Tuesday, July 14, 2009

Myth Busting On Sun Protection

Awareness of the risk of skin cancer has driven alot of people to sunless tanning methods and using sunscreen for protection. But have you ever wondered about how safe from the risks of skin cancer you really are? And what is the difference between UVA and UVB rays?

Basically in a simple nutshell, UVB rays are the rays we all love to hate. The ones that give us nasty sunburn and melanoma. So you put your sunblock on and go happily about your life assuming that your protected against the sun because you don't turn red.

Then there are the sneaky UVA rays which don't tell you what they are doing. There is no redness, no visible sign to look at and say hey I need to get out of the sun. They are the real culprit of premature aging, skin leathering and even cancer. The UVA rays penetrate into the deeper layers of the skin tissue wreaking havoc underneath the visible. The importance of UVA protection has been somewhat of a mystery to most and is just recently being marketed to the mainstream with broad spectrum sunblock.

There is a common misconception that using a tanning bed or booth is a safer way to tan. Some wil even tell you there is absolutely no risks at all.

Tanning Beds are NOT I repeat NOT a safe alternative to natural sunlight! These beds give off between 50% to 100% more harmful UV rays than natural sunlight and have the same damaging effects if not more! The only difference is you get your damage in controlled amounts possibly avoiding an uncomfortable sunburn and you spend less time working on your tan than you would laying out in the sun.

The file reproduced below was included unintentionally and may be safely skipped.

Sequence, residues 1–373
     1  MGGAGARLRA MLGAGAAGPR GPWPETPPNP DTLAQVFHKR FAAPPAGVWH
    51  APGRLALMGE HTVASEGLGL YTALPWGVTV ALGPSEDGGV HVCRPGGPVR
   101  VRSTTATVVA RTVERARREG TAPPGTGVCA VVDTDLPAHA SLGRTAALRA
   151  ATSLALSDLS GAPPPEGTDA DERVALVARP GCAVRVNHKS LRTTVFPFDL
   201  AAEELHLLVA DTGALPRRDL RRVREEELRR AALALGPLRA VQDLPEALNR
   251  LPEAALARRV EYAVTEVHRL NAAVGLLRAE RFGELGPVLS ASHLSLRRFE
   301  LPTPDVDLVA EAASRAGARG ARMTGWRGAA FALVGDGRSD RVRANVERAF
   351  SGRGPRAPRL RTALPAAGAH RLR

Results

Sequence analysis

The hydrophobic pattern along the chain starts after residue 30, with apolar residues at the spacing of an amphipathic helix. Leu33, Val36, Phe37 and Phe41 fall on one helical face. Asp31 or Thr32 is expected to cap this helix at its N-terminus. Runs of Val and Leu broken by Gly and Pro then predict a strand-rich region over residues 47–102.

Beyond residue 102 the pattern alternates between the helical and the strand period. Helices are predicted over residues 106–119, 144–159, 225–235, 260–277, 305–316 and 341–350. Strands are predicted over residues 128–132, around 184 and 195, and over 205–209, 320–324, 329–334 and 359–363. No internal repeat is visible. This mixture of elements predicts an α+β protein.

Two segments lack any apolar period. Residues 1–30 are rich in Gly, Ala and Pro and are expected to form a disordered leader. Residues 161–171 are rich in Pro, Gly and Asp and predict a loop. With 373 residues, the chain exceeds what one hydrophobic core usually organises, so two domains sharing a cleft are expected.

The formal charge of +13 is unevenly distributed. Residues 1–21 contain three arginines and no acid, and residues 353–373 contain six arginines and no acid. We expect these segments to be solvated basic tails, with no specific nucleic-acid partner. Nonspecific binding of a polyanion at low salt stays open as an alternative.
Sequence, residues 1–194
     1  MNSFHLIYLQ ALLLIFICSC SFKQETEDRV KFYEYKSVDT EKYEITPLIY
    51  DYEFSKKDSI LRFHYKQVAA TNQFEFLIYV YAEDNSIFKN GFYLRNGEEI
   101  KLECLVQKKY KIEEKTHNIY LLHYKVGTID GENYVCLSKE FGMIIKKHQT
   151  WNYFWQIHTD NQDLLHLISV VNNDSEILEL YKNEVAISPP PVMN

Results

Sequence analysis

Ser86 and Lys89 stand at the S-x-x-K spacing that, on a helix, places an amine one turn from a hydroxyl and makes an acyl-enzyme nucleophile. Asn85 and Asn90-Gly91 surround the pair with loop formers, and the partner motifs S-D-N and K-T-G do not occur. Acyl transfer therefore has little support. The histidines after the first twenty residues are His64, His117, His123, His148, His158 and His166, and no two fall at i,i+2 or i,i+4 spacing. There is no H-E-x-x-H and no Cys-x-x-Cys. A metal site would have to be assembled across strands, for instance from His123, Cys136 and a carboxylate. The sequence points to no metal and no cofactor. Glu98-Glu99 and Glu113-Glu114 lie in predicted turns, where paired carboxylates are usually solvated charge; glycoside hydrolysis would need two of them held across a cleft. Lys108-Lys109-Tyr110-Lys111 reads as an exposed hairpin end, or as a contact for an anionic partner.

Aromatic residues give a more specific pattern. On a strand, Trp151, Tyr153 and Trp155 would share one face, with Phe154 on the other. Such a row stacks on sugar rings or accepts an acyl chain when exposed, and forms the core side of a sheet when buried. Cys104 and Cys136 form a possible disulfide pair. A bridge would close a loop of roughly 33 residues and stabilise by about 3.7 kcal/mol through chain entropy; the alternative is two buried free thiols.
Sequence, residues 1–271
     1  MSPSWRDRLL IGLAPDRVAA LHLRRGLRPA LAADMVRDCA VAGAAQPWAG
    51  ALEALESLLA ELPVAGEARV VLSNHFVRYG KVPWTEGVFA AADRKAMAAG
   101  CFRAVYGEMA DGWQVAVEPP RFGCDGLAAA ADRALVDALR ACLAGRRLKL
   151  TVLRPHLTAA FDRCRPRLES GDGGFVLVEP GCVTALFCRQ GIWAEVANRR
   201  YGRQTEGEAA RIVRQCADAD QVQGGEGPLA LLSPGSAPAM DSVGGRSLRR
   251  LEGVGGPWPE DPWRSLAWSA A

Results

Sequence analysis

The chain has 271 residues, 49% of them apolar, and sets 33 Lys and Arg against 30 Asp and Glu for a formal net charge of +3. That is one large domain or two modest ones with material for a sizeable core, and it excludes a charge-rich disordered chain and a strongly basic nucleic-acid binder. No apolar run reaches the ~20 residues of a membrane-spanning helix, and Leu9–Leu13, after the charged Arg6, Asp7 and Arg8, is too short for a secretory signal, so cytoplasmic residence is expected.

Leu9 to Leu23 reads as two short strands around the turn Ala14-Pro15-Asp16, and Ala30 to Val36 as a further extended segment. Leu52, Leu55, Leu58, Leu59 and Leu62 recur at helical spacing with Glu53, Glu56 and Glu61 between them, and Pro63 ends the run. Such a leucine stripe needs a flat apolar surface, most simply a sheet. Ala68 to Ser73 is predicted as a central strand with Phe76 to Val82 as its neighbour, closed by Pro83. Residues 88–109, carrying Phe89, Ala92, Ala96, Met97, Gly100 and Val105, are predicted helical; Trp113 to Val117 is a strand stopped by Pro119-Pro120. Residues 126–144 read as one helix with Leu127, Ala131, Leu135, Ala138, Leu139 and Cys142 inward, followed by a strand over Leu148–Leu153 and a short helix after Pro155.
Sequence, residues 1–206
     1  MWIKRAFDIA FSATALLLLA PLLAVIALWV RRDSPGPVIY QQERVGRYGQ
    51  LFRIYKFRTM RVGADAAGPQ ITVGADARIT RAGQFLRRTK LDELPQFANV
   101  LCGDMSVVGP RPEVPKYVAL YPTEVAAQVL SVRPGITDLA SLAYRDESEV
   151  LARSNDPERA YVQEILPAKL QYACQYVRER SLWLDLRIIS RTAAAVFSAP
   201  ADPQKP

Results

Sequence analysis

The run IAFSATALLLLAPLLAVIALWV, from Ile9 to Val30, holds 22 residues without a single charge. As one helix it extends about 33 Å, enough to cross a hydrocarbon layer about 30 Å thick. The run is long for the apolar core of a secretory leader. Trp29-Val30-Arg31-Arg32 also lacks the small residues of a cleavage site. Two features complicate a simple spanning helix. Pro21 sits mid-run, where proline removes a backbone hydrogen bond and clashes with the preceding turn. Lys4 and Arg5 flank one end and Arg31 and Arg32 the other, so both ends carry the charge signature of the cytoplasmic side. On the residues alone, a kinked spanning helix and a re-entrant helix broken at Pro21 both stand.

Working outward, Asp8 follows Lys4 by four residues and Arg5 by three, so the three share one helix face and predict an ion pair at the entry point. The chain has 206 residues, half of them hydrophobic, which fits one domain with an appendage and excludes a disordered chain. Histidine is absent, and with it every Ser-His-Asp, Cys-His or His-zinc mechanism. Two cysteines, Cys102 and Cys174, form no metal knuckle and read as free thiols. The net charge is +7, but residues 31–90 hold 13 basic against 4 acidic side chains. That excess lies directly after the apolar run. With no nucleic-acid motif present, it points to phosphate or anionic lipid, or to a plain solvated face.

Then there is the whole deal with SPF protection. Here in the US you can get sunblock with SPF 70+. So how do you know how much SPF you need? Should everyone use mega strength sunblock every day?

The Skin Cancer Foundation has always recommended use of at least SPF 15 for every day use. Sunscreens chemically absorb the UV rays to a certain degree. No sunscreen will block 100% of the rays from the sun but SPF 15 should absorb about 93% of the rays from the sun. SPF 30 absorbs about 97% of the harmful rays and SPF 50+ blocks about 98%. So twice the SPF factor does NOT mean twice the protection.

When choosing the proper SPF protection from your skin, you need to factor in your natural skin type. If you are a fair skinned person who burns at the first sight of sunlight, those few extra percentages may make a difference in how long you can stay in the sun. If you have a previous experience with skin cancer, you also need to be extra careful.

And just because you have naturally darker skin or have developed a "base tan", this does not mean you are impervious to the effects of the sun. While you may not burn as easily, damage still occurs causing premature aging, sagging and cancer. You will need to use at least 15% SPF broad spectrum sunblock.

It is best to apply sunscreen 15 to 30 minutes prior to sun exposure and reapply 15 to 30 minutes into your sunny day. You should reapply your sunblock every 2 to 3 hours. Theoretically sunblock should last 5+ hours, but it really depends on your skin, the activities involved such as swimming and sweating and that particular brand of sunscreen and its ingredients. Don't wait until you see signs of redness to apply sunblock. The redness is a sign of damage occurring and you have another 15 to 30 minutes of damage that can happen before the sunblock takes effect.

For the life of me I cannot understand why people think they need a tan . Beautiful skin shouldn't be judged by its color. Dry leathery skin isn't pretty. Beautiful, healthy, fresh skin is what we all want no matter what color we are.
So be that beautiful flower that you are and share what you know. Maybe you will save someone's life or at least keep them from looking like an old work boot.


  1. oh Erryn tht picture!! ewwww!!! Yes with great fake tans on the market, why risk the old boot look at all? Very interesting post. I highly regret my youth going to lie on a sunbed... Good to know all the facts, thank you! xx

  2. Informative post, as always, Erryn! People should be made more aware that an increase in the SPF number does not proportionally correspond with an increase in protection.